Our most successful projects benefit from more than one of these factors. For instance, we work with aerospace company 328 Support Services GmbH to manufacture end-use plastic parts for the Do328 fleet of planes. These are after-market spare parts, so the volumes are low. Conventional manufacturing would force 328 to invest in tooling as well as storage space for the production tools and the parts themselves. With Additive Manufacturing, 328 doesn’t have to run the risk of obsolete parts or storage costs.

Generally speaking, 3D Printing is ideal for any manufacturing project with high value and low volumes. One example of that is any project involving customization. Since 3D Printing doesn’t need prior tooling, and encourages profitable short series, design upgrades can be put into production immediately, giving a brand a better chance to respond to market demands and trends.
 

Let’s say I am a small manufacturer, what are my main concerns when implementing 3D Printing?

AM requires a change in conventional design principles, in order to reap the full benefits of 3D Printing. Mistakes arise when new users attempt to apply conventional design principles to AM, rather than designing with AM in mind. As with introducing any new process into an existing production line, that initial investment required to develop a new design and engineering approach for additive manufacturing can be a barrier. As AM continues to grow more affordable per cubic centimeter and more printable materials enter the market, particularly for Metal 3D Printing, that barrier will continue to disappear.
 

Where do you see the role of 3D Printing in Manufacturing now and 5 years from now.

Additive Manufacturing is a fast-paced world, and innovation is constant. The industrialization of 3D Printing is well under way, with increasingly widespread adoption of 3D Printing for serial production even in some of the toughest manufacturing environments. That dictates some of these trends, notably the demand for shorter lead times and more versatility in materials.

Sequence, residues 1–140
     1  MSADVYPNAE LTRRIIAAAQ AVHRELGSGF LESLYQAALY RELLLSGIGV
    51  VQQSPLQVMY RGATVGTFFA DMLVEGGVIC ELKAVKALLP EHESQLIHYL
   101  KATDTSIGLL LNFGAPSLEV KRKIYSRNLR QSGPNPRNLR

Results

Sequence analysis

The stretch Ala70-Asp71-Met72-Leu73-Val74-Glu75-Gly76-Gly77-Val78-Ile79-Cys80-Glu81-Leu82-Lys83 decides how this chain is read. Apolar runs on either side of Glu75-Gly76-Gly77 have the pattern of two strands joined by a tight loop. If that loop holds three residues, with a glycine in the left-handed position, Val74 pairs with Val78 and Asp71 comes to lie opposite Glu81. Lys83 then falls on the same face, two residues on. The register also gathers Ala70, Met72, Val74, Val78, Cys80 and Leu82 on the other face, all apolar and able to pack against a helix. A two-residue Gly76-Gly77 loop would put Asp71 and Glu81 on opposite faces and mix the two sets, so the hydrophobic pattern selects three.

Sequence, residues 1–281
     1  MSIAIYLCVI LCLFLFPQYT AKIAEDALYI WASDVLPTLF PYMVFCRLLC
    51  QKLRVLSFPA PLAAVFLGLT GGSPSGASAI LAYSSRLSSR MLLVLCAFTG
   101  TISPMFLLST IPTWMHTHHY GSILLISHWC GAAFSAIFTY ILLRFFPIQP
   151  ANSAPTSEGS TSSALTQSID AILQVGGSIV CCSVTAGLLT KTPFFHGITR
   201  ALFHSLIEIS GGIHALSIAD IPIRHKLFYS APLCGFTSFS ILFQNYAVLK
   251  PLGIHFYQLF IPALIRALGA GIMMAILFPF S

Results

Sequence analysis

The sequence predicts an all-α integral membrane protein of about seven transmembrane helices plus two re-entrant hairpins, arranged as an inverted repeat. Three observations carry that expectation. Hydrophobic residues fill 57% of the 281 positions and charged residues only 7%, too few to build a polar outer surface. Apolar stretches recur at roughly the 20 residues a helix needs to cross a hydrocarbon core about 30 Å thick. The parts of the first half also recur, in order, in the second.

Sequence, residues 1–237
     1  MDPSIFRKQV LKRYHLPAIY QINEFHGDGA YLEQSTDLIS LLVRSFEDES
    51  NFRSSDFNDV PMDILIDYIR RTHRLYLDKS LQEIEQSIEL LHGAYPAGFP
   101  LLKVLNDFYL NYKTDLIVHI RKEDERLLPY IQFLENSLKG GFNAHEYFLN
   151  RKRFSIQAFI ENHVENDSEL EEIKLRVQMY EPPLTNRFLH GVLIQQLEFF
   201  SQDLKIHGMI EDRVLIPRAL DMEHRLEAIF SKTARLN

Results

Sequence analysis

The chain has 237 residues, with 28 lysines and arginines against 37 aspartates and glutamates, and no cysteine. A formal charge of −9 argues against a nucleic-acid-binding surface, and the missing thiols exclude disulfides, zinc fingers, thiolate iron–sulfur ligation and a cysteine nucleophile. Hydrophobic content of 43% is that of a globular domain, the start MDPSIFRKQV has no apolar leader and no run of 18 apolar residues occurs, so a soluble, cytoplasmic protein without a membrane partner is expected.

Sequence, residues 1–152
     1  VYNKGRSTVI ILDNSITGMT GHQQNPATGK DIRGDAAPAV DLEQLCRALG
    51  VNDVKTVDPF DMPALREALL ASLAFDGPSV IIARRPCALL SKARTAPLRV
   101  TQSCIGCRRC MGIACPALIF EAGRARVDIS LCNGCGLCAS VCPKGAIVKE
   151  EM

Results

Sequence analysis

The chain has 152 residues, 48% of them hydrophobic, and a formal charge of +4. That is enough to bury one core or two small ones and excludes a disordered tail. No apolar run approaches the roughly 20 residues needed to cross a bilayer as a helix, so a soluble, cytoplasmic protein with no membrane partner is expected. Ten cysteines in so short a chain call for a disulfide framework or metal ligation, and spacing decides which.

As 3D Printing enters serial production in industries like automotive, aerospace, and consumer goods, 3D Printing is faced with the challenge to meet the benchmarks of those industries. That means the new trends in Additive Manufacturing are geared towards ensuring and improving speed, reliability, repeatability and transparency in production. All of those parameters are visible and crucial to consumer goods like eyewear, where design iterations are fast, they’re constantly pushing the boundaries of what is possible with 3D Printing, and they have to be produced with exacting precision and consistency. Extraordinary technology also needs extraordinary software. Without decent software, you can’t prepare your designs for 3D printing and may experience multiple expensive build crashes. That’s why we developed a versatile software platform that can support the needs of manufacturers in every step of the 3D printing process.


3D printing experts working on Sagrada Familia prototypes using Materialise’s famous Magics software.

 

The content & opinions in this article are the author’s and do not necessarily represent the views of ManufacturingTomorrow